Guest Post, Amy Stonestrom: All in the Family

All writing stems from the author’s obsessions. This is what Dani Shapiro told me and a room full of writers in a workshop held in Minneapolis this past spring. Whatever we can’t let go of, she said, whatever we keep coming back to, is most often what we end up figuring out on the page. I hadn’t thought of a writer’s subject matter in this particular way before but I nodded wildly in agreement from the front row.

My obsession exists in the form of a rough manuscript and it is aging, I hope, like a good wine (or at the very least an okay cheese) in a document on my desktop. The obsession in question, what my brain tumbles around like sneakers banging in the dryer, is the story of how I removed myself and my son from the once beloved religion of my childhood and how I inadvertently broke my mother’s heart in the process.

Like so many writers, voicing my obsession and maintaining peace within my family are at odds with one another. I need to decide what’s more important, getting this out or keeping my mother and I intact. This seems strange since I did not, in any way, have a Glass Castle childhood. (It’s a rare thing for a memoirist to admit, but my childhood was an embarrassment of stability and fond memories.) However, I know that publicly voicing opposition to my family’s long held belief system would cause my mother to feel deeply betrayed. 

As a result I’ve kept this project a secret from Mom which feels, I must say, pretty lousy. 

I accidentally found a temporary remedy to this conundrum when I set out to write Every Bird in the Nest, an essay that was published in Superstition Review’s 22nd issue. In order to authentically record an ill-fated fishing outing with my dad when I was six, I needed to corroborate my story.

After writing the first draft I called my parents. Dad did not remember the event in question but Mom, at age 81, remembered minute details down to which coat I wore that day. I collected her memories and she handed over the phone to Dad who answered all of my fishing and geography-related questions. Between the three of us, over several days and many drafts, we recreated a factual story forty years after the event.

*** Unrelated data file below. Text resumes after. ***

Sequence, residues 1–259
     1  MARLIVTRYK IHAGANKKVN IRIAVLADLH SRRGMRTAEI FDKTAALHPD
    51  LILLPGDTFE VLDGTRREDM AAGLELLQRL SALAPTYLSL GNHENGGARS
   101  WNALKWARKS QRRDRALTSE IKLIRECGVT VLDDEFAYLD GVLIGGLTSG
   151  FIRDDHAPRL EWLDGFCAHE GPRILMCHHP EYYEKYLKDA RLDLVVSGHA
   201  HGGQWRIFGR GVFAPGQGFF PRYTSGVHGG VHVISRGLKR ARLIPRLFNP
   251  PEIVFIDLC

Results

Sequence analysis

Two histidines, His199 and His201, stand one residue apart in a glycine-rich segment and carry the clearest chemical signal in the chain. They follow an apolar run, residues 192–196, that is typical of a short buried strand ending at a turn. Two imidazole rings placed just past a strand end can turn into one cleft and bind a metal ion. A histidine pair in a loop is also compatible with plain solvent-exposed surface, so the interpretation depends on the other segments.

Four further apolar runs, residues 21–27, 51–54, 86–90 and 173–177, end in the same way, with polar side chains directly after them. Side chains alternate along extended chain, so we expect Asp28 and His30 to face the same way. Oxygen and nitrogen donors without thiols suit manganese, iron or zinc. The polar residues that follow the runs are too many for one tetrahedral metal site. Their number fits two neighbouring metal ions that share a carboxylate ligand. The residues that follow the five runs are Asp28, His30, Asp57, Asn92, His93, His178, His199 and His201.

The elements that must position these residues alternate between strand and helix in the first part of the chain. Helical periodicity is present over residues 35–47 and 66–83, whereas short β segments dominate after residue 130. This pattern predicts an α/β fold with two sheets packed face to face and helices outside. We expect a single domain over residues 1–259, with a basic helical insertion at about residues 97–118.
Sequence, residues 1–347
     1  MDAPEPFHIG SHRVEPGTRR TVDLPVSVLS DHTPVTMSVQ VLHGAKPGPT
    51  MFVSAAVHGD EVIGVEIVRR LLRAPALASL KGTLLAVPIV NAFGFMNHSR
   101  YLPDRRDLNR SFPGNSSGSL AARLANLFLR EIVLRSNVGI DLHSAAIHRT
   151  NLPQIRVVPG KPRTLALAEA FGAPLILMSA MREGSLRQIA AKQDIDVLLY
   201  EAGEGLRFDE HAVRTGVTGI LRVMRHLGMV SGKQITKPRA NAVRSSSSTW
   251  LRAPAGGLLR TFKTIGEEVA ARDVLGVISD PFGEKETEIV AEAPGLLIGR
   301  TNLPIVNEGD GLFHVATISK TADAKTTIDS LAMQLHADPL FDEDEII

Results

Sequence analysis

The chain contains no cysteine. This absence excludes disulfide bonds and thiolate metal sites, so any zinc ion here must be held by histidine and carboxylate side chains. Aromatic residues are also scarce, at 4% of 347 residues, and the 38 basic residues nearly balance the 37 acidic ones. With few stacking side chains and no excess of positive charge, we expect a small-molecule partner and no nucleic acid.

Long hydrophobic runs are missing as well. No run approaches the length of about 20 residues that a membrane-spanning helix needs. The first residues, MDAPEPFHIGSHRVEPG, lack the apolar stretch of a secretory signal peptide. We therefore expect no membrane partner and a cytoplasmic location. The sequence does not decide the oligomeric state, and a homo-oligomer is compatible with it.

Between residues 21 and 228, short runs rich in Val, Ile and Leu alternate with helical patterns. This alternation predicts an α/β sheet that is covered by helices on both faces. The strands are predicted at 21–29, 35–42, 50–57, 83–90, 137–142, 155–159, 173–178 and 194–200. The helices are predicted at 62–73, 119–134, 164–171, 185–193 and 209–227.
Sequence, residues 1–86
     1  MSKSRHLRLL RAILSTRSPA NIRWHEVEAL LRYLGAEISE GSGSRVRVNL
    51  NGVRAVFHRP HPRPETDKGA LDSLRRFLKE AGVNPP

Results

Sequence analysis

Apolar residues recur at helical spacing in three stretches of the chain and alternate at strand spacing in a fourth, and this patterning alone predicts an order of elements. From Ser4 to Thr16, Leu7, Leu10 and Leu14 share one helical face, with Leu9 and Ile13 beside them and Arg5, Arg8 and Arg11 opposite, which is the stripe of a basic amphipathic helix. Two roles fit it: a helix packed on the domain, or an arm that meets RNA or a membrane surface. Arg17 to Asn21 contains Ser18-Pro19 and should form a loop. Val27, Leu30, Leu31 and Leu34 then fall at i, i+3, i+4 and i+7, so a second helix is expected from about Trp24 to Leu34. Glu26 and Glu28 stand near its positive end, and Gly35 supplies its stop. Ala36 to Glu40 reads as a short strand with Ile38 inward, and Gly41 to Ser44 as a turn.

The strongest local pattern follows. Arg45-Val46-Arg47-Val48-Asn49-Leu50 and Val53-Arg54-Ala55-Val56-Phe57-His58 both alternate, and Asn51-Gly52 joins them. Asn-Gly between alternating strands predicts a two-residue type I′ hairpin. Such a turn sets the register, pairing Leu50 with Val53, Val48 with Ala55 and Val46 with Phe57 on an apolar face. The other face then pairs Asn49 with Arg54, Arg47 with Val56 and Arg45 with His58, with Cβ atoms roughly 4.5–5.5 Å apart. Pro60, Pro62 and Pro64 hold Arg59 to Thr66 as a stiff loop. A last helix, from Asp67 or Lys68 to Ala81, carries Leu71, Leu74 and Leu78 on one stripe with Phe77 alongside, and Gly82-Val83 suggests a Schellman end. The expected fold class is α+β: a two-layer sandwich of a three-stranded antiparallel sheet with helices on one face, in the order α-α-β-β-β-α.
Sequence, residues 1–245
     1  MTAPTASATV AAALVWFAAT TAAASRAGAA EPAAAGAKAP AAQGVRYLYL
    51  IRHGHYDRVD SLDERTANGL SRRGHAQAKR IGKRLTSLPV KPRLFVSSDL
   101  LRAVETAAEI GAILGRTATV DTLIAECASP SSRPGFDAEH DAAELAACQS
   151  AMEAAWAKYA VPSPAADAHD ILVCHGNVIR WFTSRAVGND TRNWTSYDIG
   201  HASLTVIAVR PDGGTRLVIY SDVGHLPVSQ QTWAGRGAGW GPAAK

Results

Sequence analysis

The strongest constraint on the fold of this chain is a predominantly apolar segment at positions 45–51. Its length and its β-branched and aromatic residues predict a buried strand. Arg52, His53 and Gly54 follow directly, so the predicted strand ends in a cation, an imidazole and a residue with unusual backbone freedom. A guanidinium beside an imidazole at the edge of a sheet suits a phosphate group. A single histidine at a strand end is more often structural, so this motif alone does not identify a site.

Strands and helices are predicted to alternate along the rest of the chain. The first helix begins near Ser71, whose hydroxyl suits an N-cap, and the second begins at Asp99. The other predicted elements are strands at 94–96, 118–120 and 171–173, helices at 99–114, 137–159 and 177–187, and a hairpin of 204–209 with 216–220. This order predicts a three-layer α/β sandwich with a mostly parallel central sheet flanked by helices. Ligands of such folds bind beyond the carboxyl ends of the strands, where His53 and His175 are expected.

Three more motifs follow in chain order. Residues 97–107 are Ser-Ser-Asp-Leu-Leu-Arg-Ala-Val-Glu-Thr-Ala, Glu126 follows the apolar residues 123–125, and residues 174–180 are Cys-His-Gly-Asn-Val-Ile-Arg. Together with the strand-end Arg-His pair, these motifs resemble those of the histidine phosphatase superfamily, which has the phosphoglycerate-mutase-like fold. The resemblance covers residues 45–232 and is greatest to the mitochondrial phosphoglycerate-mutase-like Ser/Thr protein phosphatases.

And that felt pretty darn good.

I honestly don’t know what I will do with my virtually dusty manuscript that I’m quite certain my mother won’t approve of. But I do know that my obsession surrounding this subject matter won’t leave me. I may just need to open it up, let some light in and . . . dial the phone.

Amy Stonestrom
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8 thoughts on “Guest Post, Amy Stonestrom: All in the Family

  • October 7, 2019 at 2:37 am

    Well said, Amy. I agree about the “embarrassment of stability and fond memories” childhood–which seems to run so counter to Hemingway’s quip that the best prep for a writer is an unhappy childhood. My childhood, too, was blessedly “normal”–but our past is our past, and there are always rich veins of ore to mine if we train ourselves to dig. Good luck with your memoir.

  • October 9, 2019 at 4:48 pm

    As a writer, I feel that sometimes we write because we want to be heard and we want our readers to listen. But when you write about something that’s meaniful to you, you want others to understand. It’s hard for others to be critique on their work. Especially, if it’s your own family members. When it’s a true story or I should say a memoir, the writer is expecting you as the reader to listen. If you dont like what they have to say, well, then their not supportive of you. But I really enjoyed reading this post about family and having a family understand where you come from. I know in my family we have alot of communication problems and difficulties with one another.

  • October 15, 2019 at 2:25 pm

    I can sympathize with holding back your writing, especially from family. It’s hard to hear criticism from those you love, even if you need to hear it.

  • October 15, 2019 at 10:04 pm

    This is definitely one of the hardest parts about writing. Your upbringing and your immediate family have such a huge role in making you who you are that they play naturally large parts in any reflective work, and sometimes they play the part of an antagonist. It can almost feel like a betrayal to share work that portrays them as such, and I completely relate to the dilemma of withholding truth and art for the sake of those you love or just putting it all out there.

  • October 16, 2019 at 9:08 am

    At first I was a bit skeptical about writing stemming from the writer’s obsessions until I took a deeper look and thought about the things I tend to write about and I realized that you hit it right on the nose! The memories and events that continually cycle through our minds often times have a way of creeping into our writing whether we know it or not.

    • October 21, 2019 at 11:56 am

      It caught me off guard too when she first said it and then I was like . . . “oh ya . . . how about that . . . ” 🙂

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